American Journal of Medical Genetics Part A 11/2009; 149A(12):2820-3. · 2.30 Impact Factor
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    ABSTRACT: To describe the molecular and cytogenetic characterization of two different prenatal cases of androgenetic/biparental mosaicism and review the different possible mechanisms of origin in each case. Case study and literature review. Tertiary medical center (prenatal diagnosis unit). A 26-year-old pregnant woman referred for suspected partial mole placenta and a 33-year-old pregnant woman referred for polyhydramnios and fetal malformations. Ultrasound examination, prenatal invasive procedures, molecular and cytogenetic analysis, physical and pathologic evaluation, and genetic counseling. Cytogenetic analysis, fluorescent in situ hybridization, and quantitative fluorescence polymerase chain reaction (QF-PCR) analysis. The finding of a normal karyotype together with a triploidy-like QF-PCR profile led to the diagnosis of two cases of androgenetic (genome-wide paternal uniparental disomy)/biparental mosaicism. The first case showed placental mesenchymal dysplasia and a normal fetus, and the second one presented a fetus showing Beckwith-Wiedemann syndrome features and an apparently normal placenta. These cases highlight the wide range of possible clinical presentations of androgenetic/biparental mosaicism, the variety of mechanisms of their origin, and the importance of the combination of molecular and cytogenetic analysis to achieve an accurate diagnosis and provide reproductive counseling.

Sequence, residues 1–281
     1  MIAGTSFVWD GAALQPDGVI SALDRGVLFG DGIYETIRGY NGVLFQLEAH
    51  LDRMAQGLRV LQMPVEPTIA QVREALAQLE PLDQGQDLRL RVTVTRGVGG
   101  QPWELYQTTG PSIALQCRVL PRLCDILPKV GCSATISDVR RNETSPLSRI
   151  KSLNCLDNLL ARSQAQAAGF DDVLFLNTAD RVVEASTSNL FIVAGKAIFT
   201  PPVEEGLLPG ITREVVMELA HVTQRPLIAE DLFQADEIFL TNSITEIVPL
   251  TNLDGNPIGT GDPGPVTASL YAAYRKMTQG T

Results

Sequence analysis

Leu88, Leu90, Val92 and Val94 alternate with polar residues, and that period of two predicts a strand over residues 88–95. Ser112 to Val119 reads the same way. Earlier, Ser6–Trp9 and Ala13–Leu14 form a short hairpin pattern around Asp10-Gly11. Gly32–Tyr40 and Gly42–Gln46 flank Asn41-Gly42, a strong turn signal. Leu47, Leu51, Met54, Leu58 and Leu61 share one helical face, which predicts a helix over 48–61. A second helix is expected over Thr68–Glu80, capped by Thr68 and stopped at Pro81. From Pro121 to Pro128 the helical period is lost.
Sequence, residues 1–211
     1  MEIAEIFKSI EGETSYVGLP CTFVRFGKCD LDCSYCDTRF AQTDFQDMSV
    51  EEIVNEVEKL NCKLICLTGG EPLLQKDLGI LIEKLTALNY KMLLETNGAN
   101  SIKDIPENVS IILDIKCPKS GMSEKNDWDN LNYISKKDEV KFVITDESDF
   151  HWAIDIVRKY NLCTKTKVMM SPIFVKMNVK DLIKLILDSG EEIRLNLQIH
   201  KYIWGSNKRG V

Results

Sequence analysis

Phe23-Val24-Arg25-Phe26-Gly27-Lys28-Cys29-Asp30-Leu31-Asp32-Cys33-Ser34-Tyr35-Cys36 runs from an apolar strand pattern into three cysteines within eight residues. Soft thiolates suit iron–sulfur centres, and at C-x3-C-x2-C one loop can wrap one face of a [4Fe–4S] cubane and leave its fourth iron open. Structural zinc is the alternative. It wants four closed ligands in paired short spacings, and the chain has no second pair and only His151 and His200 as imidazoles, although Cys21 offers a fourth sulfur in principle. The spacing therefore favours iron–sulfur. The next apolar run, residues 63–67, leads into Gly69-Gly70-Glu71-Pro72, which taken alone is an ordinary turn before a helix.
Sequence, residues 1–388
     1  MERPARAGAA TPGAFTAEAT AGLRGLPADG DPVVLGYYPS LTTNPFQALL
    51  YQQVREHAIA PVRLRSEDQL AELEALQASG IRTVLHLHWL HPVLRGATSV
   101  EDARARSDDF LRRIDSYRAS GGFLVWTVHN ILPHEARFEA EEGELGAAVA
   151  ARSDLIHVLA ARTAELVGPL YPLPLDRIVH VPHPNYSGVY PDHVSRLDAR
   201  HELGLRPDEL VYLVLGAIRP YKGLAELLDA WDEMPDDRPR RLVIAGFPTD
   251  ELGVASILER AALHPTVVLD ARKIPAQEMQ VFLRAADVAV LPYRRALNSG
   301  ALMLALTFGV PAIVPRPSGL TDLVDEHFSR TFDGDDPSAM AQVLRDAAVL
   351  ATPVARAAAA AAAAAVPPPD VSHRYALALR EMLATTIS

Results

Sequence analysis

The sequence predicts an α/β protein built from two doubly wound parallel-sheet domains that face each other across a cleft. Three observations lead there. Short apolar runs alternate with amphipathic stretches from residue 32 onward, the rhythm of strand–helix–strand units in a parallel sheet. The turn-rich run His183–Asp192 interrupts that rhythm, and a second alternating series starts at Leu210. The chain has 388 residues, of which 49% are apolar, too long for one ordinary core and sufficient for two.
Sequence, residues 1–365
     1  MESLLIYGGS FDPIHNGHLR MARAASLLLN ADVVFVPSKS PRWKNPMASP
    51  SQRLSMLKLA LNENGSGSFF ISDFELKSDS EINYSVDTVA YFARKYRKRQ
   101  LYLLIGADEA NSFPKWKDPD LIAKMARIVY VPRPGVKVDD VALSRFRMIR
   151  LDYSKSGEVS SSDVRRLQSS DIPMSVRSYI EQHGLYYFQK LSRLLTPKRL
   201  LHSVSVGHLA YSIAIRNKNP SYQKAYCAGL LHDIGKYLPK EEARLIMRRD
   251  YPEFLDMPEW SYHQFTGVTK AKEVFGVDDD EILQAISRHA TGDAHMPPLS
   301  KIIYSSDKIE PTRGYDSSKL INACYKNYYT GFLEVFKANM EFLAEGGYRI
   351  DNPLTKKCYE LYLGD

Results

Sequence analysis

Fertility and sterility 06/2009; 92(1):393.e5-9. · 3.97 Impact Factor
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    ABSTRACT: Interstitial deletions of the short arm of chromosome 3 are rare, and a specific clinical phenotype has not been defined. We report the first isolated cryptic proximal interstitial 3p deletion, del(3)(p12.3p13), assessed by array-based comparative genomic hybridization in a girl with an inversion of chromosome 7, whose phenotype includes neurodevelopmental delay, growth retardation, dysmorphic facial features, hypophysis hypoplasia, gastroesophageal reflux, clinodactyly, preauricular appendix, and myopia. Her features are similar to those observed in the previously reported cases of proximal 3p deletions overlapping with our imbalance, indicating that her clinical manifestations are likely to be due to the deletion. As our patient's imbalance is the first non-cytogenetically visible proximal interstitial 3p deletion uncomplicated by other imbalances, its characterization has allowed us to narrow the minimal deletion interval associated with growth retardation and neurodevelopmental delay to the 3p12.3-p13 region. Among the genes found in this region, ROBO1, ROBO2, PDZRN3 and CNTN3 might play a role in the neurodevelopmental delay of the patient. This study provides additional evidence that cryptic imbalances anywhere along the genome can be found in patients with phenotypic abnormalities and a balanced chromosome rearrangement.
    Cytogenetic and Genome Research 01/2009; 125(4):334-40. · 1.84 Impact Factor